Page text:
Ozone Disinfection

Spartan Environmental Technologies supplies ozone generators for ozone disinfection applications including drinking water, cooling water, process water, aquaculture, marine parks among many other applications.

Below you will find technical information on how ozone disinfects and how it compares to other commonly used disinfectants. If you are interested in specific organisms inactivated by ozone you can follow the link: micro organisms inactivated by ozone. We also have a link to fish pathogens inactivated by ozone.

How Ozone Disinfects?

Ozone functions as both an oxidant and disinfectant in the treatment of drinking (potable) water and wastewater. This is similar to chlorine. Chlorine and Ozone, however, operate by different mechanisms when disinfecting water. As a result, ozone and chlorine can act synergistically.

Ozone's germicidal properties are associated with its high oxidation potential. Disinfection by ozone is a direct result of bacterial cell wall disintegration, also known as lysis. This mechanism is different than that by chlorine. Although the exact chemical action of chlorine is not clear, it is believed that the chlorine residual in aqueous solution diffuses through the cell wall of the microorganisms and attacks the enzyme group which results in the destruction of the microorganism.

The graphics below illustrate the process while the photomicrograph show actual bacteria before and after ozonation:

Ozone Inactivation of Micro Organisms - Untreated
Ozone Inactivation of Micro Organisms - Cell Wall Damage by Ozone
Ozone Inactivation of Micro Organisms - With Ozone
Ozone Inactivation of Micro Organisms - Multiple Ozone Attacks on Cell
Ozone Inactivation of Micro Organisms - Ozone Attack Begins
Ozone Inactivation of Micro Organisms - Ozone Destroys Cell
Photo Micrograph of Actual Ozone Inactivation of Bacteria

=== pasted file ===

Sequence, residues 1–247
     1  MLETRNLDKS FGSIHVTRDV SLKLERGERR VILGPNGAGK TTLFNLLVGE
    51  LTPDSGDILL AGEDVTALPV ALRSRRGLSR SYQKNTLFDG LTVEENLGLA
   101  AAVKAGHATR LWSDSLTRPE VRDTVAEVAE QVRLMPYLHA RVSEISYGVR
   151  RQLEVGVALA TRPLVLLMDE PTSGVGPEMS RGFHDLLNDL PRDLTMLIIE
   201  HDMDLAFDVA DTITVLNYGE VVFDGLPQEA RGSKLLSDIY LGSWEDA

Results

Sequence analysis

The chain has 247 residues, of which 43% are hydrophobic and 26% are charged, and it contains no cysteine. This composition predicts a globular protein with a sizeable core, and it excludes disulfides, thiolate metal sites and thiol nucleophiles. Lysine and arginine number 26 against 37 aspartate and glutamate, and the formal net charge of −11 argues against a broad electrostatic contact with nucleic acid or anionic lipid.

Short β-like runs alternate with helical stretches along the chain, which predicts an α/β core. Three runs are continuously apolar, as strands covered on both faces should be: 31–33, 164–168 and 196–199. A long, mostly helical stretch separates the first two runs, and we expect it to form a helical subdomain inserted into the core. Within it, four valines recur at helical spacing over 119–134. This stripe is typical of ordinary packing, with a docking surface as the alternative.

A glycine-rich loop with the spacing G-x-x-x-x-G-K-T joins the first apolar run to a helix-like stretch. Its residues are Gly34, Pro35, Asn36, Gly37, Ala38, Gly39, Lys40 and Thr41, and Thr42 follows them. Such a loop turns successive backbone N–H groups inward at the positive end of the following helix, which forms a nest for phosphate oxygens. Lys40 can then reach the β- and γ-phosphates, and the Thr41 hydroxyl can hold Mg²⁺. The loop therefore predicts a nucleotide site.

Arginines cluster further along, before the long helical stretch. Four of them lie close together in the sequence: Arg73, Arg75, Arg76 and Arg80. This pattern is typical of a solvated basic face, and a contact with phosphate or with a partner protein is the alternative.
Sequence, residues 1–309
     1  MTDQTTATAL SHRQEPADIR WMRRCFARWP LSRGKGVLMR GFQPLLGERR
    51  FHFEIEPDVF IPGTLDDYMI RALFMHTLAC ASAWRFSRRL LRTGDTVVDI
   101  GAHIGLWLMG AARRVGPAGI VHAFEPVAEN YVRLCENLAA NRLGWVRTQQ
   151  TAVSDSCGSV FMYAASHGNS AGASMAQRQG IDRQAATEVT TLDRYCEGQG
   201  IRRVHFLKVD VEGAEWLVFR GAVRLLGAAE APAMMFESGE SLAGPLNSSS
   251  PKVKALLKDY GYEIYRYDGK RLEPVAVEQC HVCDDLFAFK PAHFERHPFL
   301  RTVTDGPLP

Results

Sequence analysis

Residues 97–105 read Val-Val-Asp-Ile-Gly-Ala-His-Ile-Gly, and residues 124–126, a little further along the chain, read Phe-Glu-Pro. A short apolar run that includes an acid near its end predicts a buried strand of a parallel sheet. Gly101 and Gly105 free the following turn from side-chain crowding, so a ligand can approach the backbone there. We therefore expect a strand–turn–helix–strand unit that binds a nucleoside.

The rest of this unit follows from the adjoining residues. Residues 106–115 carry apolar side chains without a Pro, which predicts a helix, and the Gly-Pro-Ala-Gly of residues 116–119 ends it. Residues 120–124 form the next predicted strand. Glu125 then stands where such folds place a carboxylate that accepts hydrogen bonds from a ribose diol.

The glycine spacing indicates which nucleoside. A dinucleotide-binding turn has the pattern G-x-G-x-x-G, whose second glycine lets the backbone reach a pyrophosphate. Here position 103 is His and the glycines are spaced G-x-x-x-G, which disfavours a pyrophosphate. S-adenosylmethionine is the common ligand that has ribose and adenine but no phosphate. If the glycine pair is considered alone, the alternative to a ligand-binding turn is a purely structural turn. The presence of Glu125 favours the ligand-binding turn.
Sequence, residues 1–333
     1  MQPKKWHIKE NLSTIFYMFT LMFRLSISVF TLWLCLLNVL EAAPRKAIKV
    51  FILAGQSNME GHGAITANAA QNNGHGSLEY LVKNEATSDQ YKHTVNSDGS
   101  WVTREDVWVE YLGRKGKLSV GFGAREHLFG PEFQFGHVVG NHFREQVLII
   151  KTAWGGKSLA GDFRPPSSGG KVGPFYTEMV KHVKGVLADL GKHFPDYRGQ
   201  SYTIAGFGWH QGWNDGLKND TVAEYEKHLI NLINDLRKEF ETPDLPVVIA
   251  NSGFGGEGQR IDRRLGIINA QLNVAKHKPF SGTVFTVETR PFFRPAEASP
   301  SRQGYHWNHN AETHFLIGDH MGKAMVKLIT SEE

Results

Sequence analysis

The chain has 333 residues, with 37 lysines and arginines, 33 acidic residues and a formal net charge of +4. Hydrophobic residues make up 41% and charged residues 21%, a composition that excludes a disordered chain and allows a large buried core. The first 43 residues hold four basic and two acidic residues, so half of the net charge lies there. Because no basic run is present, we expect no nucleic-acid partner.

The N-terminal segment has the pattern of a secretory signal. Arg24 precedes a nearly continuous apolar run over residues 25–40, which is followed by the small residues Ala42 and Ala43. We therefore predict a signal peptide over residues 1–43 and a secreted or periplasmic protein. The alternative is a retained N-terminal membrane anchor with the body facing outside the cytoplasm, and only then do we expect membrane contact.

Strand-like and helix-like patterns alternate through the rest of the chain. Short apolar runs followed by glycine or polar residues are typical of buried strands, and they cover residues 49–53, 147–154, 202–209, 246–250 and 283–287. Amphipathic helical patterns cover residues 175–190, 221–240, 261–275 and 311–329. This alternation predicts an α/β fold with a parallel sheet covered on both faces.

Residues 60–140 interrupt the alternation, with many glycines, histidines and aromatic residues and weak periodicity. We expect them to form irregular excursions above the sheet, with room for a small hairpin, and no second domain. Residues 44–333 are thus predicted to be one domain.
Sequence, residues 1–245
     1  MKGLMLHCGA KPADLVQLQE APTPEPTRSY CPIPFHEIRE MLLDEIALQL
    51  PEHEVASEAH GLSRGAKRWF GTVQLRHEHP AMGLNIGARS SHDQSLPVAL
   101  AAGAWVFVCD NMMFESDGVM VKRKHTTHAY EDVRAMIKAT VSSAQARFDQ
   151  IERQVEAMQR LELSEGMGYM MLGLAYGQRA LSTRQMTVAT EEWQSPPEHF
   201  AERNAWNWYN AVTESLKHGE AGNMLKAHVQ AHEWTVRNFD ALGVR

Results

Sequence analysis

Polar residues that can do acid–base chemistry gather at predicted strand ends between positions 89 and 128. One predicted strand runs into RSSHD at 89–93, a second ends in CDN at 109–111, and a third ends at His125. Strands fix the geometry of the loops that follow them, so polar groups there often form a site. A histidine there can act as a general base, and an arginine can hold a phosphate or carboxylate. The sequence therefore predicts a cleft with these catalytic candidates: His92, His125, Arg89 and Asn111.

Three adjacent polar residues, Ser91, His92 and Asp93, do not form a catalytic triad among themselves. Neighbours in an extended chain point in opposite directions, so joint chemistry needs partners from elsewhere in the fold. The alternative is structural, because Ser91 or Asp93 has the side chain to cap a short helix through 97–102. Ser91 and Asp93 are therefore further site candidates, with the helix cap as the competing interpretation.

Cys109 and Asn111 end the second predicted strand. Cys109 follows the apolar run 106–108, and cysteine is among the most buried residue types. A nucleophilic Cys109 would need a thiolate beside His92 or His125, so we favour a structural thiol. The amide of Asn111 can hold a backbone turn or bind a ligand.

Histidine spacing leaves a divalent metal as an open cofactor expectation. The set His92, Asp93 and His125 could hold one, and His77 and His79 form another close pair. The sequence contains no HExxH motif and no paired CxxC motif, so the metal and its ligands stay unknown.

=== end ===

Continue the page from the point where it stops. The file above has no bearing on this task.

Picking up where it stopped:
Disinfection Power of Ozone

To demonstrate the disinfection power of ozone and compare it with other oxidizing agents, Morris developed the lethality coefficient:

Lethality Coefficient= 4.6/(Ct99) where:

C = residual concentration in mg/L t99 = time in minutes for 99 percent microorganism destruction (2-log destruction)

Morris, J.C., "Aspects of the Quantitative Assessment of Germicidal Efficiency," in Chap. 1, J.D. Johnson (ED.), Disinfection, Water and Wastewater, Ann Arbor Science, Ann Arbor, MI 1975.

The table below lists parameters for disinfection by ozone for different organisms:

Parameters for Disinfection by Ozone (pH 7; 10-15 degrees C):
Organism Lethality Coefficient (a) C 99:10 (b)
Escherichia 500 0.001
Streptococcus faecalis 300 0.0015
Polio virus 50 0.01
Endamoeba histolytica 5 0.1
Bacillus megatherium 15 0.03
Mycobacterium tuberculosam 100 0.005
a - Lethality Coefficient = 4.6/(Ct99)
b - C 99:10 = concentration in mg/liter for 99 percent destruction or inactivation in 10 minutes
(Morris considered these values to be valid within a factor of two)

Comparison of the values in this table with similar values obtained for chlorine is shown in the table below. These values tabulated by Morris illustrate that ozone is a more powerful germicide against all classes of organisms listed by factors of 10 to 100. The table shows values of the lethality coefficient:

Lethality Coefficient at 5 degrees C [(mg/liter)-1(min.)-1]
Agent Enteric Bacteria Amoebic cysts Viruses Spores
Ozone 500 0.5 <5 2
HOCl as Chlorine 20 0.05 >1 0.05
OCl- as Chlorine 0.2 0.0005 <0.02 <0.0005
NH2Cl as Chlorine 0.1 0.02 0.005 0.001
Another way of looking at disinfection is to employ the CT concept. This associates a concentration of ozone multiplied using the CT concept.